Rowe Fine Furniture creates treat of a seat
Gary Evans -- Furniture Today, July 12, 2010
Alexis Nichols, top, and Melissa Govoruhk of Rowe use plenty of glue to create the Candy Chair. It’s covered with about $400 worth of Starbursts, gumballs, peppermints and other sweets.
McLEAN, Va. — People who visited the Rowe showroom at the April High Point Market probably spied something that made them hungry.
It was the Candy Chair, covered not in fabric or leather but in hundreds of pieces of chocolate, gumballs, Life Savers, Tootsie Rolls, orange, lemon and lime candy slices, jelly beans, Starbursts, peppermints - you name it.
Senior Graphics Designer Alexis Nichols and her colleague, Senior Merchandise Coordinator Melissa Govoruhk, created the sweet seat.
Nichols is responsible for Rowe's market invitations, and it's her duty to tailor them to the market's style directions. She was trying to come up with the perfect way to illustrate what the company was aiming for.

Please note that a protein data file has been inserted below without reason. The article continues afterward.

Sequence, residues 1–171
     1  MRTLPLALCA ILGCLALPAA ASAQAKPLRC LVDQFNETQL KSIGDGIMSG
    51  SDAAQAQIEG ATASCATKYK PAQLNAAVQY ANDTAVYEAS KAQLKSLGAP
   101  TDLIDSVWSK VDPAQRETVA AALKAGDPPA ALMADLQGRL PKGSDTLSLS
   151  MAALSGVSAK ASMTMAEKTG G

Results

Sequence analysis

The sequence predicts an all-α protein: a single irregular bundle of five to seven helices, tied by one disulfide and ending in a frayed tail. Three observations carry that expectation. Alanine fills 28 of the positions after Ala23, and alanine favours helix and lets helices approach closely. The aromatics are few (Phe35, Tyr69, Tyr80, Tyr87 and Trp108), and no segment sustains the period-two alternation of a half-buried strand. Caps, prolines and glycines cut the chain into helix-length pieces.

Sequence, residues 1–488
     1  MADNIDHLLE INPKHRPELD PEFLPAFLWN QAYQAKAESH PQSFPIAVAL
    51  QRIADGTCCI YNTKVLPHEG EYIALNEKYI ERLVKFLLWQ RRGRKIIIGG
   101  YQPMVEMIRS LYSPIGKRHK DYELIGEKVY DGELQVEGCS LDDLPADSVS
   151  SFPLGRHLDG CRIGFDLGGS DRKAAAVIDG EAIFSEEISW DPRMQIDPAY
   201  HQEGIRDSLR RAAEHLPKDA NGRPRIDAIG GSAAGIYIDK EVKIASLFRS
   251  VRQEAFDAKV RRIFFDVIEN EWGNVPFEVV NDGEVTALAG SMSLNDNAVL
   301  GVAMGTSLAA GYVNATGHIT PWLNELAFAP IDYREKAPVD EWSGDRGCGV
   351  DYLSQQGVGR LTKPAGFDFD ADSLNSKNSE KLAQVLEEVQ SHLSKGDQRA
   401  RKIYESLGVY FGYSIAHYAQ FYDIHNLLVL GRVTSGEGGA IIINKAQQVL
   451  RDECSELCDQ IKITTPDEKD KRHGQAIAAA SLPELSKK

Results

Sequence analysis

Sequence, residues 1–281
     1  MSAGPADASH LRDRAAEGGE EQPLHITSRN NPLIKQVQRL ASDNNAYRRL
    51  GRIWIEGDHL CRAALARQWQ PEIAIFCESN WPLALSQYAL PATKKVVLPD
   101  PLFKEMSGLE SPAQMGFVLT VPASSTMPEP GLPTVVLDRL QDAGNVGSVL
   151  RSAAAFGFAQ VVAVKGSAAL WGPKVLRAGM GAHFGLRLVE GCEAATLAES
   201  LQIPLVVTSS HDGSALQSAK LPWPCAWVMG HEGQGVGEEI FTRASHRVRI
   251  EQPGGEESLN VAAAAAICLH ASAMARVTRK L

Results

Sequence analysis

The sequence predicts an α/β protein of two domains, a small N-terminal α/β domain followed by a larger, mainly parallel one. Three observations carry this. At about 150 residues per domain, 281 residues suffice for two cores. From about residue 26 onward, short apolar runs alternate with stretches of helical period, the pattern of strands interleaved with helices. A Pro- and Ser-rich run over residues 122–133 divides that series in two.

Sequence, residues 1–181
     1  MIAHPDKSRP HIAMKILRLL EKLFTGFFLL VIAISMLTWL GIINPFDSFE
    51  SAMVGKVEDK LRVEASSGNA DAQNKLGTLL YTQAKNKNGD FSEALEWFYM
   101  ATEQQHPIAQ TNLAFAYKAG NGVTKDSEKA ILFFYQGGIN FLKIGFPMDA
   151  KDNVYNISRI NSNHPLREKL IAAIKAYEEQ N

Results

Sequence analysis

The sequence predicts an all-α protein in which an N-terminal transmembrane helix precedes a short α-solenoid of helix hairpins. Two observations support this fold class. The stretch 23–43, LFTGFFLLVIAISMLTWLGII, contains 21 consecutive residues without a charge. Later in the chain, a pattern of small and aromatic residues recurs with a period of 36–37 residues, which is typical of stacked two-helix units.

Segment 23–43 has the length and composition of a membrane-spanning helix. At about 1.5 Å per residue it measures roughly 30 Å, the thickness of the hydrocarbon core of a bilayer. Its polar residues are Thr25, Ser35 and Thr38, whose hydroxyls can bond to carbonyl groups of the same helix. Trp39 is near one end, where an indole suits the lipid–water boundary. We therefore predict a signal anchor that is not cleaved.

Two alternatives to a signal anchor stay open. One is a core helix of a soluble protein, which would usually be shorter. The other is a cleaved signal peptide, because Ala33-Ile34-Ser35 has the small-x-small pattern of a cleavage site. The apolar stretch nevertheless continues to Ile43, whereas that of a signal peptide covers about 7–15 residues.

"I knew the trend we were going with was the candy trend, so we had to figure out a way to combine the furniture and the candy look," she said.
Nichols' creative process took her down several blind alleys, and she even bought stock photographs with various images of candy to depict Rowe's theme, "Eye Candy." No lights went off. Finally, she said, "It kind of popped into my head that it might be more realistic and easy to put candy on a chair."
They commandeered an unused chair at Rowe headquarters here. "We dragged it into my office and Melissa and I sat there with glue guns," said Nichols. "It was three days worth of work," said Govoruhk.
They took four or five trips to Wal-Mart and Costco for bulk bags of miniature Hersheys, Goodbars, Krackels and the like, and to specialty candy stores to fill in extra color. "We obviously wanted to be as colorful as possible and tell the story," Nichols said.
The duo glued ... and glued ... and glued for what felt like forever. It seemed easy, Nichols said, "until we started it. And then it was a bigger task than we thought." They didn't keep track of how many pieces of candy were used. But they wound up spending about $400.
For more on the Candy Chair, see today's print issue of Furniture/Today.
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